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No need at wide receiver is examining the Packers roster position by position. In this installment, we look at the wide receiver position.


If there is one position at which the Packers don't appear to have need, it's wide receiver, which is deep with proven talent in the prime years of its careers, and possessing young talent poised to emerge.

In 2011, Jordy Nelson joined Greg Jennings as a star-quality receiver and a big-play weapon with which opposing defenses must scheme to stop. James Jones provided spark and big-play punch off the bench, while rookie Randall Cobb offers tempting possibilities for Head Coach Mike McCarthy's offense. Heading toward free agency, the major question at wide receiver would seem to be: Will the Packers attempt to re-sign esteemed veteran Donald Driver, or allow him to leave?

Jennings caught 67 passes for 949 yards and nine touchdowns, and was on his way to a fourth consecutive thousand-yard season when a knee injury cost him three games at the end of the season.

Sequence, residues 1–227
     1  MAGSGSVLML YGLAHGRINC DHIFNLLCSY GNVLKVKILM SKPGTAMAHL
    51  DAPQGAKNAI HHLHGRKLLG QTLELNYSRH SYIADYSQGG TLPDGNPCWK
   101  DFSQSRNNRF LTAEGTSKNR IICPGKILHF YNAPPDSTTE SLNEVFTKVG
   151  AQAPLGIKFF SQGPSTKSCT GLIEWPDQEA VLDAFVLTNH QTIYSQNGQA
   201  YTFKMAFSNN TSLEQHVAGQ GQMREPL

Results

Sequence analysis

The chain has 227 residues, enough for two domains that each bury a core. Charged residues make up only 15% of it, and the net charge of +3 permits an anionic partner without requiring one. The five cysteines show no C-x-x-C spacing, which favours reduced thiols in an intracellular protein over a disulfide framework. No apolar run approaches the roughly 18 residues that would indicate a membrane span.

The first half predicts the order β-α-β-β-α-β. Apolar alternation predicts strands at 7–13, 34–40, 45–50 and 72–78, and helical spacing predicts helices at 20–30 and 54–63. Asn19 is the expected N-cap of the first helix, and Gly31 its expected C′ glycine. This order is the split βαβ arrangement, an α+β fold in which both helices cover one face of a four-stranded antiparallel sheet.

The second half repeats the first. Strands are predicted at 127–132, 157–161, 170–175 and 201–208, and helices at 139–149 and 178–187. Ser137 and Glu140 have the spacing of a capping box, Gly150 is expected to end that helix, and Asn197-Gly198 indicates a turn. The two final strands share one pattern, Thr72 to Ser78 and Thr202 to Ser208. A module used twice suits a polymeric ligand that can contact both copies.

Nelson was already on his way toward the season of his life. He finished with a team-leading 68 catches for a walloping 1,263 yards and 15 touchdowns, which trailed only Rob Gronkowski's 17 and Calvin Johnson's 16 leaguewide.

Jones did more with less playing time than any of the Packers' receivers, catching 38 passes for 635 yards and seven touchdowns. Driver was right behind Jones with 37 catches for 445 yards and six touchdowns.

Enter Cobb, the kick-return/wide receiver who grabbed 25 catches for 375 yards and a touchdown in what was little more than a preview of what he can do and what the Packers intend to do with him. Cobb authored the NFL's play of the year, a 108-yard kickoff return for a touchdown in the season opener, and promises to bring that kind of explosiveness to the Packers' passing game in the future.

Meanwhile, the reserve ranks are also teeming with talent: Diondre Borel, Tori Gurley and Shaky Smithson were stockpiled on the Packers' practice squad and will compete for a roster spot next summer.

Summary—Depth at the position, especially in the form of Cobb and young reserves, is clouding Driver's future, but certainly not the Packers' future at the position. The Packers' receiving corps was considered to be the best in the league in 2011, and what's important to note is that Jennings, Nelson, Jones and Cobb are all under 30 years of age. That corps of receivers, when combined with MVP quarterback Aaron Rodgers, represents the strength of the Packers now and for the long-term future. They are the team's identity.

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